Facts and Figures on How The US Corn Crop is Used for Food and Ethanol

The American farmer and the American ethanol producer have been under attack, criticized for seeking to capitalize on the productivity and bounty of American agriculture to help solve this nation’s energy crisis. In particular, critics often misrepresent the impact of ethanol production on American corn and total grain supplies, contorting facts and reporting statistics completely out of context.

In advance of the USDA’s September World Agricultural Supply and Demand Estimates (WASDE) report due out on Friday, the RFA has put together the following facts and figures that put the debate about how America uses its corn supplies in proper context.

As the size of the corn crop grows, so too do its uses.

In 2002/03, the United States produced a corn crop of 9.0 billion bushels and consumed 9.5 billion bushels of corn. How was that crop utilized?

Feed/residual 59.0% - Export 17% - Ethanol 11.5% - Other 12.5% (Source: US Department of Agriculture)

In 2007/08, the United States produced a corn crop of 13.1 billion bushels and consumed 12.8 billion bushels of corn, 35% more than in 2002. While the amount consumed by ethanol production increased, so too did the entire crop and every other usage.

Feed/residual 48% - Export 19% - Ethanol 23% Other 10% (Source: US Department of Agriculture)

Because the size of the annual corn crop continues to increase over time, discussing corn’s various uses in the context of percentages can sometimes be misleading. For example, a similar percentage of the crop was exported in 2002 and 2007; but in real numbers, the amount of corn exported in 2007 was 800 million bushels more than in 2002 (an increase of 50%). Similarly, a considerably smaller percentage of the crop was fed to livestock in 2007 than in 2002, but in real numbers, the amount of corn fed to livestock increased by nearly 10%.

When corn is used to produce ethanol, one-third of the corn is left over (as distillers grains or DDG) and used as a high protein animal feed.

  • Discussions of how much corn is used for ethanol must recognize the fact that one-third of the corn is returned as feed to the livestock feed market.
  • Every 56-pound bushel of corn that enters the dry mill ethanol process yields 2.8 gallons of fuel ethanol and 18 pounds of residual grains. These residual grains, often referred to as distillers grains, are fed to livestock and poultry.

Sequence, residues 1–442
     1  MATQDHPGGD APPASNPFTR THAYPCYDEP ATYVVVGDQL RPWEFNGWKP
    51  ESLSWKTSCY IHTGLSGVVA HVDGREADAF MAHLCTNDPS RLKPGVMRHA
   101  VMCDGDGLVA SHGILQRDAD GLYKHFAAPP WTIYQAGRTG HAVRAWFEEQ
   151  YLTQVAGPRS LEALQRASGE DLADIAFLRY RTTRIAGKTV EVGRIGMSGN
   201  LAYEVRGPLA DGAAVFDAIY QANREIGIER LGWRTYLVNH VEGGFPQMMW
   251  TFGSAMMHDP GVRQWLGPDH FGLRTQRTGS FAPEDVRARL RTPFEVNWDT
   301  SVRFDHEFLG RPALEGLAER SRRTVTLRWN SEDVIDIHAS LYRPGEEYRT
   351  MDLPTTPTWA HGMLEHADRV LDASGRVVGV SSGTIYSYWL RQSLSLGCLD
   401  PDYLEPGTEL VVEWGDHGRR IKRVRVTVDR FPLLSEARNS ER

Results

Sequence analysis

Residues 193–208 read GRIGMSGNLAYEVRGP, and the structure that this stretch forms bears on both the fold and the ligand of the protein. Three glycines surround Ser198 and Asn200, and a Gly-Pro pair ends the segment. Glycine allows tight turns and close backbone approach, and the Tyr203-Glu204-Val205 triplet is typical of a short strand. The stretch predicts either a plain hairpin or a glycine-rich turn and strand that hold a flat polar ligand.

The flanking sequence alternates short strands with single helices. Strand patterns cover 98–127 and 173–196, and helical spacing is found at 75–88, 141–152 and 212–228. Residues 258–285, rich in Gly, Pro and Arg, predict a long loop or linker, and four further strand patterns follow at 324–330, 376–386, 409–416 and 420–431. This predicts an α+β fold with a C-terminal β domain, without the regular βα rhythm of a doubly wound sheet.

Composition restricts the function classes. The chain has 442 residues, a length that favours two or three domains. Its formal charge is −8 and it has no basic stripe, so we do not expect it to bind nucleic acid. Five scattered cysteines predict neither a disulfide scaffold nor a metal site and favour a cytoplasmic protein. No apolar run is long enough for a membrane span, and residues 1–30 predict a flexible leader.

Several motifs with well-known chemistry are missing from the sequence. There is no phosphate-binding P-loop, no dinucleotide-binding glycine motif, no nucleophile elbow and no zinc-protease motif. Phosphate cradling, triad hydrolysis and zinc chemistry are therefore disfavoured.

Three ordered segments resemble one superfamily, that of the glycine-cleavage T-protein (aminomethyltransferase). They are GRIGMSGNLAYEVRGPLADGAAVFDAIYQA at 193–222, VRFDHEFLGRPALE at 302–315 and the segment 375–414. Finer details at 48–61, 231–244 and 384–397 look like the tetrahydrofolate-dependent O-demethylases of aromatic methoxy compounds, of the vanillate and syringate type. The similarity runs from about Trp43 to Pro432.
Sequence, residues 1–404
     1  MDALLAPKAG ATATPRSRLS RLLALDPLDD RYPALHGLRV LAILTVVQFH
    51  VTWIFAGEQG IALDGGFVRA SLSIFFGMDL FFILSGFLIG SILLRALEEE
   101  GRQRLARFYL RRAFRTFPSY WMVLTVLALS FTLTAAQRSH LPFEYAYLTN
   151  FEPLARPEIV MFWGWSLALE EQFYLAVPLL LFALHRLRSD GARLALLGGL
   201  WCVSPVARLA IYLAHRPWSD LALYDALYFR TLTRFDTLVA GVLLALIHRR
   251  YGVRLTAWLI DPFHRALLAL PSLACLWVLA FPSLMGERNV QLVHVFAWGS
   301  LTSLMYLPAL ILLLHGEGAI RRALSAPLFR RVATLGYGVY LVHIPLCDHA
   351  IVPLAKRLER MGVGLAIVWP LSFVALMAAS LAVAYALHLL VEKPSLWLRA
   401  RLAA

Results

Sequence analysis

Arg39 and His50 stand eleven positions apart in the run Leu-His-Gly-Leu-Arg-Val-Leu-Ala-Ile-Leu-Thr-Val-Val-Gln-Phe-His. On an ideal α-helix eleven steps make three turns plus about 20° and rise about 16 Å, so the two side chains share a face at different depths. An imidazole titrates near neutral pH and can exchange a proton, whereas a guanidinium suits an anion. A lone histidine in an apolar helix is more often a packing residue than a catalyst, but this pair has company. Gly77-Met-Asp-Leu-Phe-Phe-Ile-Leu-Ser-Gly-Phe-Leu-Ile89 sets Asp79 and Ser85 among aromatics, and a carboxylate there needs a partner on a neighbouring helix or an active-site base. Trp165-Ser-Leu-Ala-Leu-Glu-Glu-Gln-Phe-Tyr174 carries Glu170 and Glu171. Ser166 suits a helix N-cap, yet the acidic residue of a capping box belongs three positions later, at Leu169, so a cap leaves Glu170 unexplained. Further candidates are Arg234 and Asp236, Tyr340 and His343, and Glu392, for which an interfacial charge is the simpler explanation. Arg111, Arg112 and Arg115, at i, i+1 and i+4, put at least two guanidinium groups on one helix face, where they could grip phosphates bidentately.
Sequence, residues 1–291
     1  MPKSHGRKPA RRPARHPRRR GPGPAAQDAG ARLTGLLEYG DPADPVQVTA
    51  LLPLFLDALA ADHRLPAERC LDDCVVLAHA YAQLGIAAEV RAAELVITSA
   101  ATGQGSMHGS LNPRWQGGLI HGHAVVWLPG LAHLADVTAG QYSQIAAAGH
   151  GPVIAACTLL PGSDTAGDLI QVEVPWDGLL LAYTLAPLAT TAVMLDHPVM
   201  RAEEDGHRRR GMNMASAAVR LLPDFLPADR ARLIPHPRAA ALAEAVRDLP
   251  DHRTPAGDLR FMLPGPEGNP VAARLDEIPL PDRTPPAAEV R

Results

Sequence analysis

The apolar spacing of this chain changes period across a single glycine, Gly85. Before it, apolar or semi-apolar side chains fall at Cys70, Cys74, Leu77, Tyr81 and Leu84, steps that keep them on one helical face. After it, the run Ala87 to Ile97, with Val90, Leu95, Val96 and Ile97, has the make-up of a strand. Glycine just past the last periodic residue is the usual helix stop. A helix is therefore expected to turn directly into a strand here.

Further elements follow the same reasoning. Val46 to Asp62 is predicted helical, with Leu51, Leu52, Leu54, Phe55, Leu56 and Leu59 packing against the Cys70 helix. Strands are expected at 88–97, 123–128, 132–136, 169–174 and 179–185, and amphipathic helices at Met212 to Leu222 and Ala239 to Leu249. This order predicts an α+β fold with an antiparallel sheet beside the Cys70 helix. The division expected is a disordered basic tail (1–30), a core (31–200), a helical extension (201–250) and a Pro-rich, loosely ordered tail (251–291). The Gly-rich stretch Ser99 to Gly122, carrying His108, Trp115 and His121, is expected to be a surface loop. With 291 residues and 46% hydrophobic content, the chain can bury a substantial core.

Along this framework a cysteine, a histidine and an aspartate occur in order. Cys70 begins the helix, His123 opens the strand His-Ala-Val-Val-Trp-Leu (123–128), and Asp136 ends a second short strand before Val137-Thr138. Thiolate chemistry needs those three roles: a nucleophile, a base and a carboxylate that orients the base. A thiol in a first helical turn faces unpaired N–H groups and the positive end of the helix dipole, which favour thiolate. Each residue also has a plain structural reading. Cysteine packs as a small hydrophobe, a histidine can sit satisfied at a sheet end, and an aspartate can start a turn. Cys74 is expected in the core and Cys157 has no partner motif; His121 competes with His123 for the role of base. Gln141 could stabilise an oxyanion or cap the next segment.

• In 2008, 33% of the corn crop will be used for ethanol on a gross basis, according to the August 12 USDA WASDE report. However, when the distillers grains feed is considered, the net usage of the 2008 corn crop will be closer to 22%.
  • Net usage of corn by the ethanol industry in 2007/08 was about 16% of the corn crop. Increased corn production and less commodity speculation have helped reduce corn prices.
  • 2008 new crop corn futures (DEC08) peaked in late June at $7.88 and were over $7 for just three weeks. DEC08 corn futures have fallen nearly $2.50 per bushel since the speculation-fueled peak.
  • Corn is currently selling for under $5 per bushel on the cash market in many locations. USDA is projecting the season-average corn price in 2008/09 will be $5.40 per bushel and the average price last year was $4.25.

USDA may be overestimating the amount of corn that will be processed into ethanol in 2008/09.

  • Given current ethanol production economics, the expected timing of new capacity coming online, and the levels of ethanol blending required under the 2009 Renewable Fuels Standard (RFS), it seems unlikely that 08/09 ethanol use will reach 4.1 billion bushels, as USDA projected in August. Other estimates place corn use for ethanol in 2008/09 closer to 3.8 billion bushels.
  • It is also notable that USDA overestimated corn use for ethanol in the 2007/08 marketing year. In its first estimate of 2007/08 corn demand (May 2007 WASDE), USDA pegged marketing year ethanol use at 3.4 billion bushels. It wasn’t until September 2007 that USDA marginally revised the estimate down to 3.3 billion bushels. The estimate was further revised down to 3.2 billion bushels in October 2007, followed by revisions to 3.1 billion bushels in April 2008 and 3.0 billion bushels in May 2008. USDA’s latest estimate of corn use for the 2007/08 marketing year, which ended August 31, remains at 3 billion bushels.

Higher energy prices have driven the corn farmer’s cost of production to unprecedented levels.

  • Farmers are facing record prices for diesel fuel, gasoline, fertilizer and other fossil energy-derived inputs. These higher energy costs are, in part, responsible for the higher corn prices facing ethanol producers and livestock feeders. In many locations this year, if the price of corn drops below $3.50 per bushel, farmers will not make a profit.

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